Bowing down is not to demand something we have a right to. It is not to put in an order for something we are certain we will receive.
It is to voice our desires, knowing that not everything we desire is for the best. It is to voice our hopes, knowing that not everything we hope for is possible. It is to voice our longings, knowing that God is good and that God is love, but that we do not always recognise goodness and love when we first see it. It is to bring to God our fervent wishes for what should happen next in our lives, knowing that, whatever we wish, there is a time to be born and a time to die, a time to grieve and a time to rejoice, a time of strength and time of weakness. A time to lie down in green pastures and a time to be led through the valley of the shadow. As this Psalm says: ‘We are the people of his pasture, and the sheep of his hand.’ He leads us beside still waters, and restores our souls, but the way through which he leads us there can be long and hard. He cares for us, tends us, values us, and brings good out bad circumstances. He does not save us from all troubles, but he does lead us through them.
The Psalm ends with a history lesson, unexpectedly. I mean, it’s good, more Psalms should end with history lessons, but it is unusual. It refers back to our OT reading this morning from Exodus. In this story, the Lord has led the children of Israel out of slavery, into freedom, but they have to cross the wilderness to reach the Promised Land. They come to a place where there is no water and they are thirsty and they complain to Moses. ‘Why did you bring us out of Egypt?’ They want to turn back and return to their life of slavery. And in the Psalm, though not in the Exodus version, God loses patience with them, and condemns them to 40 years in the wilderness.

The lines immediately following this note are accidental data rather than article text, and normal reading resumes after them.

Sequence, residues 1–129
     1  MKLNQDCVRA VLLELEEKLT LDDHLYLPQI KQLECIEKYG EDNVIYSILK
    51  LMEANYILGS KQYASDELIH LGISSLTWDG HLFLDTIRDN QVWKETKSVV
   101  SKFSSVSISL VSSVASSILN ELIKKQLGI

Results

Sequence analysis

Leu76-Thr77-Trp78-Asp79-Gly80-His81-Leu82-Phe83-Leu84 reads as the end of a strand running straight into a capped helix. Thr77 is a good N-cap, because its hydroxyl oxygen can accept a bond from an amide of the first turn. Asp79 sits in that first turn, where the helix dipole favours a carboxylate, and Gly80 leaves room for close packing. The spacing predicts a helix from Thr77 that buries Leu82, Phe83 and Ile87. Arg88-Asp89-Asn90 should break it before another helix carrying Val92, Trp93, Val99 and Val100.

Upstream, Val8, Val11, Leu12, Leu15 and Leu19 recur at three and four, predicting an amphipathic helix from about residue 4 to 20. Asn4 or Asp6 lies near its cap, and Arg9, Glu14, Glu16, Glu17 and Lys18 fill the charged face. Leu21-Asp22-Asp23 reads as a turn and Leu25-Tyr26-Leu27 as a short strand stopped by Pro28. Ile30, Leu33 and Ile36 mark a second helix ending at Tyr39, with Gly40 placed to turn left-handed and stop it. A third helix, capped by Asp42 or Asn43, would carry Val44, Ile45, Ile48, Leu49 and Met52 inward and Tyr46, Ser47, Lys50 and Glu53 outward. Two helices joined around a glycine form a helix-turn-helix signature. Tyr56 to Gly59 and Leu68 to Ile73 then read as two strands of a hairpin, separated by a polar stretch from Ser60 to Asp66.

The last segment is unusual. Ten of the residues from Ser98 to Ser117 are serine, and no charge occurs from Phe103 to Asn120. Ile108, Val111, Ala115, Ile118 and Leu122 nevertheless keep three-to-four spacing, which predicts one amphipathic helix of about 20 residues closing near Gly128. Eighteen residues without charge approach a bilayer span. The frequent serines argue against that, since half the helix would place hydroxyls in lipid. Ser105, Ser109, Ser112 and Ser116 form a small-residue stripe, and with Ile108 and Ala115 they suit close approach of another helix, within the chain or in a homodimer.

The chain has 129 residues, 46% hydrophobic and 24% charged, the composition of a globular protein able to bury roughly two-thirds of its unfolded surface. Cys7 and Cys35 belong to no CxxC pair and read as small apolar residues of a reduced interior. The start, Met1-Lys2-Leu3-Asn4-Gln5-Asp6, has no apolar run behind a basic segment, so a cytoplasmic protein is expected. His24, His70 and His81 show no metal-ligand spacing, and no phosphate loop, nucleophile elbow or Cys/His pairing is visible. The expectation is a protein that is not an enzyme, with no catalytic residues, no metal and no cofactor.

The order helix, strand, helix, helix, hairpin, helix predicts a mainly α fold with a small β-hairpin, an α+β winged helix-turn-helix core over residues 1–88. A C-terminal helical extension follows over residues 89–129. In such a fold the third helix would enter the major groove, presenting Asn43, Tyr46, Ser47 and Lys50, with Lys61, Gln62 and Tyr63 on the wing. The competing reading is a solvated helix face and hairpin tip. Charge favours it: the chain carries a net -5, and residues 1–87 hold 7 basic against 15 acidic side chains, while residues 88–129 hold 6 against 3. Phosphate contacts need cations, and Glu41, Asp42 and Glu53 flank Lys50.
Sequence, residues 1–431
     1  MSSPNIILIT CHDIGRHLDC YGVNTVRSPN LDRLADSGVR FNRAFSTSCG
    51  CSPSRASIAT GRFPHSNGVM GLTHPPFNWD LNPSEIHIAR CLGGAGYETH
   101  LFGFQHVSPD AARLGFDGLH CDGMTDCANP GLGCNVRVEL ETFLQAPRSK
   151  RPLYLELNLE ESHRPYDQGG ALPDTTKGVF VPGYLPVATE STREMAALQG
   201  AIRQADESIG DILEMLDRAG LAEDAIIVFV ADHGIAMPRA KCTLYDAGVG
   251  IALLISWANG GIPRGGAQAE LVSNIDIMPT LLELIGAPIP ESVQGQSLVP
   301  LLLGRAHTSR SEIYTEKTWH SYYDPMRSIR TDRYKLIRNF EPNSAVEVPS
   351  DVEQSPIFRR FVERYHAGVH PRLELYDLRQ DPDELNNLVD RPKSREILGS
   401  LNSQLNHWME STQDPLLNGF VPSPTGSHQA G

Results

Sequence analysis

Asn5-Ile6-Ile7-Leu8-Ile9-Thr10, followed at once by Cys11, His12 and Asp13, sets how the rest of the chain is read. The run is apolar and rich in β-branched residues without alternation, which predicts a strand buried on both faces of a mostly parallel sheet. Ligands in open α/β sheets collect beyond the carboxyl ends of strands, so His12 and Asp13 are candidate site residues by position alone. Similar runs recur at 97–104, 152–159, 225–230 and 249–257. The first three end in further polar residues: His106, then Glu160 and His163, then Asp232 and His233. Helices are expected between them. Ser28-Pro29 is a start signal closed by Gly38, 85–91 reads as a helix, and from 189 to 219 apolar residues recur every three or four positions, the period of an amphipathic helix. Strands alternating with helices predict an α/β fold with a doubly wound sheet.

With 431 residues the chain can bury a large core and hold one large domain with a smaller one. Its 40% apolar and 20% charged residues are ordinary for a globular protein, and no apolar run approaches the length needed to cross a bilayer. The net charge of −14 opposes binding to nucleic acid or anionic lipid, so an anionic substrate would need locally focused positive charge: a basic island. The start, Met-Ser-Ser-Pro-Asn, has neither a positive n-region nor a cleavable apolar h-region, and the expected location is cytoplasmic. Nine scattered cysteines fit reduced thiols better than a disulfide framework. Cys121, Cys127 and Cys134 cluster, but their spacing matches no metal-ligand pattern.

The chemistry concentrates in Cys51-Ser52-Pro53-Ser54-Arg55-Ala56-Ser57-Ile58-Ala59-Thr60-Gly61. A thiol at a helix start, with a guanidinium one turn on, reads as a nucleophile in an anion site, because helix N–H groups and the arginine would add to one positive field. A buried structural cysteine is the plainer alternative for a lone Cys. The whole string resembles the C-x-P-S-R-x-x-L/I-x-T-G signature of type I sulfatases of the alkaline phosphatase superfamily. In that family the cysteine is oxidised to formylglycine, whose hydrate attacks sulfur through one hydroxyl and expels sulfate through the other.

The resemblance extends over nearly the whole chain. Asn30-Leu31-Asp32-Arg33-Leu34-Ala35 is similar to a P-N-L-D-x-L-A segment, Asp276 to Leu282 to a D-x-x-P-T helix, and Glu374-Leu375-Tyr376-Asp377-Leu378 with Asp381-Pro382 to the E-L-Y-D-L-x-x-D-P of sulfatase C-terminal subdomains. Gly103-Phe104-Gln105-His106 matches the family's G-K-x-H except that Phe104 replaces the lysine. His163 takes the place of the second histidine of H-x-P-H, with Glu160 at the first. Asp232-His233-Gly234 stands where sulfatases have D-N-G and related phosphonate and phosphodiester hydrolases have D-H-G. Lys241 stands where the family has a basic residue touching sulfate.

Why does God lose it with them? I think not simply because they complained. There is plenty of complaining to God in the Psalms, people are allowed to tell God how miserable they feel. I think why God loses patience with them is that they want to give up and turn back. God calls them on, God calls them to keep going. And I think that is the Psalm’s call to us, to keep at our Christian life.
The Christian writer CS Lewis was asked in 1948: How are we to live in the age of the atomic bomb? ‘If we are all going to be destroyed by an atomic bomb, let that bomb when it comes find us doing sensible and human things – praying, working, teaching, reading, listening to music, bathing the children, playing tennis, chatting to our friends over a pint and a game of darts—not huddled together like frightened sheep and thinking about bombs.’
Of course there are ways in which we have to change our behaviour in order to protect ourselves and others. But for as long as life goes on, let us live generously, and kindly, and well, knowing that our lives are in God, forever.
We do not know what tomorrow may bring; but times like this remind us that we never know what tomorrow will bring. Jesus reminds us that we don’t make tomorrow better by spending today fretting and panicking. We make tomorrow better by spending today thinking of others, helping out those who need it, turning our attention to God, reflecting on all we have to be thankful for, leaving in God’s hands the things that we do not control, and in all the things that we do control carrying on, as Jesus taught us, in hope and prayer and love.